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Movie Review – World War Z

wwzIf you haven’t seen World War Z, congratulations on saving the money and time you would have wasted. If you have, you should be able to relate. And if you were still hoping to see this God-awful movie, stop reading, because I am going to completely spoil the surprises. I mean, point-by-point, I will ruin this movie for you. So you have been warned – do not read this review if you actually wanted to subject yourself to one of the worst zombie movies ever made.

Ready? Because you have been warned. I am going to pick this stupid movie to pieces, and when you’re done reading, you will have no reason to see World War Z. I mean, there’s no reason to see it anyway, but after this, you may as well have read the screenplay. Except this review, hopefully, will be more entertaining.

World War Z features the most inane, sloppy plot holes ever seen in film. I am going to address several of them, one at a time, though for the sake of keeping this review under a three-hour read, I am going to gloss over a few.

First, World War Z breaks all the zombie rules. Zombies are supposed to be slow and mindless, unless they are infected, and thus still alive, and thus capable of being killed with a shot to the chest (see Zombieland). World War Z features zombies who turn within ten seconds of being bitten, and then immediately run like Hussein Bolt with a Scud missile shoved up his ass. These zombies aren’t just fast – these zombies can fly. There are several instances where zombies are seen launching themselves sideways through the air without ever having their feet touch the ground, and then slam into something with the force of a Hummer at 90 an hour. Their speed varies, however – when chasing a helicopter or random red-shirt civilian, they could run around the world and turn back the clock. When chasing Brad Pitt, they are slower than Brad Pitt.

Not only does World War Z not follow conventional zombie rules, but it even breaks the new rules it proposes (if you’re looking for the spoilers, they start here). For instance, at the beginning of the movie, Brad Pitt gets zombie blood in his mouth while going all fisticuffs with a living dead. He discovers that ingesting zombie blood does not cause one to become a zombie. Near the end of the film, however, a lab worker for the World Health Organization (a highly skilled and exceptionally trained scientist, mind you), becomes infected when he merely handles a blood sample. Because the zombie virus only spreads when a person is bitten by a zombie, we can only assume that the blood sample came with infected dentures, which jumped out of the blood and bit the researcher.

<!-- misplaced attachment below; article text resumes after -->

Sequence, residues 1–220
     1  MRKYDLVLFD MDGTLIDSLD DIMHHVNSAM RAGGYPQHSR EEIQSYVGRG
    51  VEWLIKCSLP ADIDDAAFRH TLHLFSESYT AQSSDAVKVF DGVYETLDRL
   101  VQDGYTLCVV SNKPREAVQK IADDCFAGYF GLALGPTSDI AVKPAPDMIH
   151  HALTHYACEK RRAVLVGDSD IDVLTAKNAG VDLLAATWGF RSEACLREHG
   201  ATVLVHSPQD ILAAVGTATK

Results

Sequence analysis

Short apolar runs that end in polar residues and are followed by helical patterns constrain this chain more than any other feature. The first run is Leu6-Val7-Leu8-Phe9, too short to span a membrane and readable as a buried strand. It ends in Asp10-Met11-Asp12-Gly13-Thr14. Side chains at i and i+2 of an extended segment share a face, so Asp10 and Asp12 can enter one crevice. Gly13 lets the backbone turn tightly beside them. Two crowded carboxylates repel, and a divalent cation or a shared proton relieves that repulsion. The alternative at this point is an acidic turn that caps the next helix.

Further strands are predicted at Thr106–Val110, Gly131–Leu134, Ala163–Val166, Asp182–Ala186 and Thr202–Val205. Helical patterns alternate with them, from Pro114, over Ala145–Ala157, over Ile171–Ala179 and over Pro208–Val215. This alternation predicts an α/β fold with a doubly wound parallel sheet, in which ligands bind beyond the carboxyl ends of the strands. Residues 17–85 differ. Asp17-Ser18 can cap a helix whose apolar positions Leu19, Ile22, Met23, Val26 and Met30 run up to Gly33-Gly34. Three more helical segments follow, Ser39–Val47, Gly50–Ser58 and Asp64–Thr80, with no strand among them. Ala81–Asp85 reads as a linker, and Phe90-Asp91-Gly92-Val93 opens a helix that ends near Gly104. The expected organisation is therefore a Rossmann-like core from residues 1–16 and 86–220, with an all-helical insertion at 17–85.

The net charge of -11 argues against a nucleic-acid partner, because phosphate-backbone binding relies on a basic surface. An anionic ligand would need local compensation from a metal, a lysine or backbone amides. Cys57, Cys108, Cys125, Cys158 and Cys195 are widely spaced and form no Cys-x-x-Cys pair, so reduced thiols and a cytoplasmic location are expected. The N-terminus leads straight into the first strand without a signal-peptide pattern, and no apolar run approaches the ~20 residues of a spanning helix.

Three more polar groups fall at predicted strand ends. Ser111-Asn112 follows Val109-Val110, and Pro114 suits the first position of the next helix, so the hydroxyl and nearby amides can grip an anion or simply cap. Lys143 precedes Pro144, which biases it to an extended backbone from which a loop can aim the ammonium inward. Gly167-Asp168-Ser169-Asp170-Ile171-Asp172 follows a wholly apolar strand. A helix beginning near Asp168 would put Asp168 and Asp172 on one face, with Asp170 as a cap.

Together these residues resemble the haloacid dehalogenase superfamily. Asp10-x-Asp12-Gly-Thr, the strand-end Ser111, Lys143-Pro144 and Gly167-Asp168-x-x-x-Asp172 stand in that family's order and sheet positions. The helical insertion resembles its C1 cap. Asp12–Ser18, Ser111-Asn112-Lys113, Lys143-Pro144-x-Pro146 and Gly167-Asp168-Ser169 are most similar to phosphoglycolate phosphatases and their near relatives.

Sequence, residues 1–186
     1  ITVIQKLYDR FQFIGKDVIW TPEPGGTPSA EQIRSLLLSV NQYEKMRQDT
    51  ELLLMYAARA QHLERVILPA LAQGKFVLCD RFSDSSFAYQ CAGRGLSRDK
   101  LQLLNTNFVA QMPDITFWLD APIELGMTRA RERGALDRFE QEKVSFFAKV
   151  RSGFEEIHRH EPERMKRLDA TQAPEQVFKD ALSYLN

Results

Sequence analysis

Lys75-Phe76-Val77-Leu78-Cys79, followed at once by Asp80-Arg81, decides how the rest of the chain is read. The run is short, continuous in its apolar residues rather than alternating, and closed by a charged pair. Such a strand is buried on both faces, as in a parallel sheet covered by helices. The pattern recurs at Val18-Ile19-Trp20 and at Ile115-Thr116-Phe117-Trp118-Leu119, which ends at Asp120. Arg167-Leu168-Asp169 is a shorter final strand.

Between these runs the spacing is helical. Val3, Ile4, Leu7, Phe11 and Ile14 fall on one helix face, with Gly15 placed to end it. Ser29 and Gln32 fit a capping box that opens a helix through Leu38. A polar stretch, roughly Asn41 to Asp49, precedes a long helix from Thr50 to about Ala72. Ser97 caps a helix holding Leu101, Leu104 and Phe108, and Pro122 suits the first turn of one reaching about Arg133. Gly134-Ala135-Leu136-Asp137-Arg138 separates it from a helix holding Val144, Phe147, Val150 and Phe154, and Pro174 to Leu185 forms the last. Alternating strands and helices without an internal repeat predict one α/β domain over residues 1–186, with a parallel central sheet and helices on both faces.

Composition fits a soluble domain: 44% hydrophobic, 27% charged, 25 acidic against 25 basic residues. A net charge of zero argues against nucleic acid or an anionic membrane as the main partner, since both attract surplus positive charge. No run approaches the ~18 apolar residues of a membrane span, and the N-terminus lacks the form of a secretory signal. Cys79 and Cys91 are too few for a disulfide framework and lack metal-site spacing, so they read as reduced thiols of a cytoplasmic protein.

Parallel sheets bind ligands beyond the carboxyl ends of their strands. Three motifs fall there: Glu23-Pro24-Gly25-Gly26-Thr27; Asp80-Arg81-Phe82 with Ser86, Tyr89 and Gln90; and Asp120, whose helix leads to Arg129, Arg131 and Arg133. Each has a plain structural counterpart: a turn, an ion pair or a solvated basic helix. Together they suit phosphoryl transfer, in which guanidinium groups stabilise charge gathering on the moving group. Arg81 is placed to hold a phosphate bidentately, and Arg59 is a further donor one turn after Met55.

Zombies in World War Z also turn immediately. Ten seconds after a bite, the victim is chasing people with super-speed and no small amount of crankiness. However, halfway through the film, an infected person manages to sneak on a plane and hole up in the bathroom. And he does not appear until the flight is nearing its destination. So how does a zombie sneak onto a plane and expire in the crapper? Is this one of those sneaky zombies who can crawl through the ventilation shaft like Tom Cruise in a spy movie? Does the stewardess see his advanced state of distress and say, ‘sir, if you can agree not to bite people, maybe you would be comfortable in the toilet.’ Of course, he infects most of the people on the plane, leading to a moment in which I wish Samuel L. Jackson could have appeared and said, ‘I am sick and tired of all these motha-lovin zombies on this motha-lovin plane.’ He, of course, would have used more harsh language.

It gets better. When Brad Pitt has to refuel his plane, a team of soldiers helps to stem the tide of zombies. They are able to slow the attacking monsters by shooting them in the legs, thus making them immobile. ‘Zeke on the ground’ is the exact phrase used. Later, however, zombies scale a 100-foot wall through a feat of organization seldom seen in even the most dedicated special forces units, and then promptly leap off the other side. It would stand to reason that falling ten stories would cause a zombie to break something important, and potentially cause that lethal head wound that would make them nonviable candidates for high-speed pursuit. But no, the Israelis who built this impressive wall apparently placed stacks of mattresses at the bottom, because the undead speed racers have no problem destroying the city just as Brad Pitt is leaving.

While we’re at it, the people in this movie are retarded. At one point, Brad Pitt is performing a super-sneaky midnight maneuver in the company of a team of highly trained Navy Seals. They are on bicycles, because those are usually quiet, except that these bicycles are the squeakiest, most broken-down conveyances I have seen since the 1984 Subaru hatchback I drove in college. How about a little WD-40, you super soldier bad-asses? Or do you seriously have a military base where there is no gun oil?